Monday, October 3, 2011

"let your vision of success evolve"

The above is what I opened into in Joseph Cardillo's book, Bow To Life: 365 Secrets From The Martial Arts For Daily Life. My sister and I both have the book and read a passage a day. We are hoping it will help us in both our kendo practice and also how what we learn from kendo can translate in our day-to-day.

My sister reads the passages in chronological order. I am more of the random page opener.

Here are some key thoughts that struck me: that discovering the self and living to our full potential is a never-ending journey. We flow through stages and levels, but as this happens, our desires also shift to bigger goals. For example, from just wanting to set up a business, to making that business flourish, to being considered an expert in that business.

Our measures or ideas of success change through time. Our job is to keep on creating, to always be aware of where we are at any point and be conscious of taking ourselves to the next level. Of course this is not meant in an ambitious, obsessive kind of way but in a way that develops us as whole people, not just as career persons, or as artists, or as parents for instance. In every stage we see where we can grow and we expand that way, most often following where our heart leads us. This is not just about the rational mainstream leveling up that we see often portrayed in movies or even in the values inculcated in us since childhood - getting promoted, progressing from singlehood to marriage, having kids in a year or two after the wedding, etc. Practicality is part of it but also is spirituality. How we grow inside not just outside is an integral part of our own success.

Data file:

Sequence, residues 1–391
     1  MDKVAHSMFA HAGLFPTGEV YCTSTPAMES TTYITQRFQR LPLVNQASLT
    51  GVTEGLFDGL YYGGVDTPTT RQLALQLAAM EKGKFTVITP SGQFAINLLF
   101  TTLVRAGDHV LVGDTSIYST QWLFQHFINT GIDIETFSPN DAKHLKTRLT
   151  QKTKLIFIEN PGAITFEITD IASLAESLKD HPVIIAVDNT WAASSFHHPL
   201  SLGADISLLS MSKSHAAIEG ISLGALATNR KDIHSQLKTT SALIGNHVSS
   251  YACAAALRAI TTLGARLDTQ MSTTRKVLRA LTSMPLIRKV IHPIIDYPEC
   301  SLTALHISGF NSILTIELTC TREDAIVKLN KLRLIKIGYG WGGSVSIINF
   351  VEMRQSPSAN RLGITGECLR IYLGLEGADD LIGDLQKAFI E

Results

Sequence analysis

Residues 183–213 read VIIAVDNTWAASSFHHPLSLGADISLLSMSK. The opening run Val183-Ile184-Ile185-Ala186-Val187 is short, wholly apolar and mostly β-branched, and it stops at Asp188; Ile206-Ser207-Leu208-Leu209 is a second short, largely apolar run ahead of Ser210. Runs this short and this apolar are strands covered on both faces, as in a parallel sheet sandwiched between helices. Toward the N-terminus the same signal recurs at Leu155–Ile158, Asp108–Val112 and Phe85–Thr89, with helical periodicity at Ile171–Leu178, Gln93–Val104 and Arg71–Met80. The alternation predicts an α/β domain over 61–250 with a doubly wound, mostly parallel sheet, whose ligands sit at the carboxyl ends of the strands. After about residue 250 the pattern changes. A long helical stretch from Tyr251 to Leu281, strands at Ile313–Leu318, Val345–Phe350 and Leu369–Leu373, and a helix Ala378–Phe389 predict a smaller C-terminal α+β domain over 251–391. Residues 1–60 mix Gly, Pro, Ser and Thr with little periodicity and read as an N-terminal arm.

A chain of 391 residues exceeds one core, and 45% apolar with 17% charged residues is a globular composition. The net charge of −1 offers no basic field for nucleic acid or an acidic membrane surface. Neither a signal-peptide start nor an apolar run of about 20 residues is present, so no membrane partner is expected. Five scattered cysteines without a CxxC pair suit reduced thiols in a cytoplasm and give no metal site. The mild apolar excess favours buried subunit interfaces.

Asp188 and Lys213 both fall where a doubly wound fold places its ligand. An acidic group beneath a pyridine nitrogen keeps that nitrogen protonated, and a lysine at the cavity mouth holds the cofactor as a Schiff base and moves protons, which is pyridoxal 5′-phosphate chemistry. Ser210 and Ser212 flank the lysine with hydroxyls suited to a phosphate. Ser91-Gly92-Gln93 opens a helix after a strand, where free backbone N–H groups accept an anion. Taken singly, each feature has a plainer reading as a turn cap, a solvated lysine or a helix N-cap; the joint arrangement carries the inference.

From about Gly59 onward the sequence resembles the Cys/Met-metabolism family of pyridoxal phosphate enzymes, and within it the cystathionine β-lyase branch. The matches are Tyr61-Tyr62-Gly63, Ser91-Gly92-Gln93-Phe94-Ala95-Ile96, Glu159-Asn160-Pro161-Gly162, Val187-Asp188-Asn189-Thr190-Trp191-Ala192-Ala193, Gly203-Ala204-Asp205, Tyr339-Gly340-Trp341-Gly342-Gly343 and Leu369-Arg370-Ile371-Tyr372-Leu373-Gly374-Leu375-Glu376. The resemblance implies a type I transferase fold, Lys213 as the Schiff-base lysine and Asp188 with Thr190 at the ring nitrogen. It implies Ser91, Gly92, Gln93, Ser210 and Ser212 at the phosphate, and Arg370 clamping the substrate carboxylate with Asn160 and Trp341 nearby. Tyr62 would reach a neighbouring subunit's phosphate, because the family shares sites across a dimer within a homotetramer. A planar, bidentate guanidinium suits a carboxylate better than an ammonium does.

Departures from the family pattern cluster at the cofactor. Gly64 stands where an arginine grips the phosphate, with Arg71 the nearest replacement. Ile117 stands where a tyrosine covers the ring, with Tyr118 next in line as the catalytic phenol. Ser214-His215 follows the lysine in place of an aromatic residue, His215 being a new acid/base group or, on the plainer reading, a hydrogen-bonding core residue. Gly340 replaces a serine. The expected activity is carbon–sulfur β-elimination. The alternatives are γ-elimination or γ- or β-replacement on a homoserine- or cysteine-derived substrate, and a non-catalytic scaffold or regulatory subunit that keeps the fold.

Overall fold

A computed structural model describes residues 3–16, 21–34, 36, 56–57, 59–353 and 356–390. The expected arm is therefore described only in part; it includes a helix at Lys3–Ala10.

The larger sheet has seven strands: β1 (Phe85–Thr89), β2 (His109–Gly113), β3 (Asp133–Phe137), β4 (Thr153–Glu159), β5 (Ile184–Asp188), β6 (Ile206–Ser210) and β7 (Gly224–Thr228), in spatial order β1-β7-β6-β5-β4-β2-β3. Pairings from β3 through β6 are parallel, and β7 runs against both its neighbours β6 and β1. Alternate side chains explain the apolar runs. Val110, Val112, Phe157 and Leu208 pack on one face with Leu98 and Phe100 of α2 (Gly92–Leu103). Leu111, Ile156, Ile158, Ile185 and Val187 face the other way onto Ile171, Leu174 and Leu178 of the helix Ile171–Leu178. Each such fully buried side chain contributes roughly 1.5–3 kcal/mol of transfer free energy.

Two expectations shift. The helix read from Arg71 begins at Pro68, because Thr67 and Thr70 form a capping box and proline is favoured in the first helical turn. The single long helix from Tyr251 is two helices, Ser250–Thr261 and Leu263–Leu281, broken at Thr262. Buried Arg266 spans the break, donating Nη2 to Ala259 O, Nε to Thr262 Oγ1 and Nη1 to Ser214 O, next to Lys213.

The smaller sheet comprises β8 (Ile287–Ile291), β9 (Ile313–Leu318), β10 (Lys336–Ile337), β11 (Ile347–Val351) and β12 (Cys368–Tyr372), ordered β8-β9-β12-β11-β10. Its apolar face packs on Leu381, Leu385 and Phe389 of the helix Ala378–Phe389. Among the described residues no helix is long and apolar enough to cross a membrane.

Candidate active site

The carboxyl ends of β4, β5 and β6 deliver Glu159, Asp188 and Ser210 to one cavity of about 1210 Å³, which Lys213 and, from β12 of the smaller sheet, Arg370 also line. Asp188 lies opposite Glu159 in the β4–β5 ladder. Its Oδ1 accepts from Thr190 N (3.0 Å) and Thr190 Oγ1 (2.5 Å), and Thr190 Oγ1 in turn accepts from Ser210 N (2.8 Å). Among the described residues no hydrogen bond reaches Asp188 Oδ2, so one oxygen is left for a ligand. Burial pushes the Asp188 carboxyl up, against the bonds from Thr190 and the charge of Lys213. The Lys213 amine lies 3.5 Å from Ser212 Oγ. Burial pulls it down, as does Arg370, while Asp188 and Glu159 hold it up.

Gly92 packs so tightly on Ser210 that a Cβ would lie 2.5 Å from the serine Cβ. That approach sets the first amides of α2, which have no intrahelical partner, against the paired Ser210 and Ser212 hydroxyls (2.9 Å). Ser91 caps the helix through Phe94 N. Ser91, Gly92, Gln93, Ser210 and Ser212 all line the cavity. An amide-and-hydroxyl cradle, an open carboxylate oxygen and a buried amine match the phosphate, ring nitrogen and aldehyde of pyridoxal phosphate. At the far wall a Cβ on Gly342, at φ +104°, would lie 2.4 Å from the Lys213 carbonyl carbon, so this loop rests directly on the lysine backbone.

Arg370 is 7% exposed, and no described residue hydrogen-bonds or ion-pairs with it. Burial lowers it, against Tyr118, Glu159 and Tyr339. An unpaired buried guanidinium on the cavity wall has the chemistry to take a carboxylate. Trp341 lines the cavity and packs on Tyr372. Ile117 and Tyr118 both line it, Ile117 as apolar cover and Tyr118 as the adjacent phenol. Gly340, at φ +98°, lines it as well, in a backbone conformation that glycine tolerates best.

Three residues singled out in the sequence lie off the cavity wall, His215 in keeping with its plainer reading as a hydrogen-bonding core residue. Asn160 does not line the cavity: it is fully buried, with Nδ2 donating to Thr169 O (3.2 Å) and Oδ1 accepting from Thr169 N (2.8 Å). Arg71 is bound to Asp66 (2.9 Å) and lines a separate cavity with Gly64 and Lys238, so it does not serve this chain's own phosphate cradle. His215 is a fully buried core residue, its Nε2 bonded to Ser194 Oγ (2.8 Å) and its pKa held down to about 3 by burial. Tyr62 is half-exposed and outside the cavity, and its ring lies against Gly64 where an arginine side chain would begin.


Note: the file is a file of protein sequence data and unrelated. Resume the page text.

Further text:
I think about where I am now and how some people may view my career situation as a step back. That is their definition. That is probably their measure of success. But from my own perspective, I have achieved something important - breaking out of my comfort zones and paying attention to the other aspects of me that have been neglected through the years and listening to the calling of previously dormant passions.

In my kendo practice I realize that how other people measure success in the dojo does not have to be the same as mine. I will define my practice and if it teaches me patience and perseverance and discipline then I will think myself a success even if I don't get praised or singled out or given special care and attention. Even if I am told in so many subtle and un-subtle ways that I am not "catching up" or "doing as well as". This is not an easy thing to do because we have been brought up in a context of competition and measuring ourselves against what people say and think. But slowly I am managing to just see what is essential to me in my practice and everything else will just be a backdrop to what is important for me to achieve.

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